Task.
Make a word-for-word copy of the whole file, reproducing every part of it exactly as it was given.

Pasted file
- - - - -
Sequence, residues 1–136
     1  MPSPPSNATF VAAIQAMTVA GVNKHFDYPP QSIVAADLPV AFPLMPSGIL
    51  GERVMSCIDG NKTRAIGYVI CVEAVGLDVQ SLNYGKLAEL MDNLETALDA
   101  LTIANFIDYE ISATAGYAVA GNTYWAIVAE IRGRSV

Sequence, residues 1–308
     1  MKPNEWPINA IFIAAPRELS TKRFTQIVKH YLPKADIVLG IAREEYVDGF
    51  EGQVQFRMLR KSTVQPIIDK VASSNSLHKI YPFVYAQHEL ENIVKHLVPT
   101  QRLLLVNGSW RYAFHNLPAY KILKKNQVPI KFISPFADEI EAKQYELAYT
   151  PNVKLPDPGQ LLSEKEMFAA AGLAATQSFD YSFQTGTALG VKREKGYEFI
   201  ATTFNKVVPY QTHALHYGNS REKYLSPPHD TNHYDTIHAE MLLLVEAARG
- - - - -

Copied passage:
Sequence, residues 1–136
     1  MPSPPSNATF VAAIQAMTVA GVNKHFDYPP QSIVAADLPV AFPLMPSGIL
    51  GERVMSCIDG NKTRAIGYVI CVEAVGLDVQ SLNYGKLAEL MDNLETALDA
   101  LTIANFIDYE ISATAGYAVA GNTYWAIVAE IRGRSV

Sequence, residues 1–308
     1  MKPNEWPINA IFIAAPRELS TKRFTQIVKH YLPKADIVLG IAREEYVDGF
    51  EGQVQFRMLR KSTVQPIIDK VASSNSLHKI YPFVYAQHEL ENIVKHLVPT
   101  QRLLLVNGSW RYAFHNLPAY KILKKNQVPI KFISPFADEI EAKQYELAYT
   151  PNVKLPDPGQ LLSEKEMFAA AGLAATQSFD YSFQTGTALG VKREKGYEFI
   201  ATTFNKVVPY QTHALHYGNS REKYLSPPHD TNHYDTIHAE MLLLVEAARG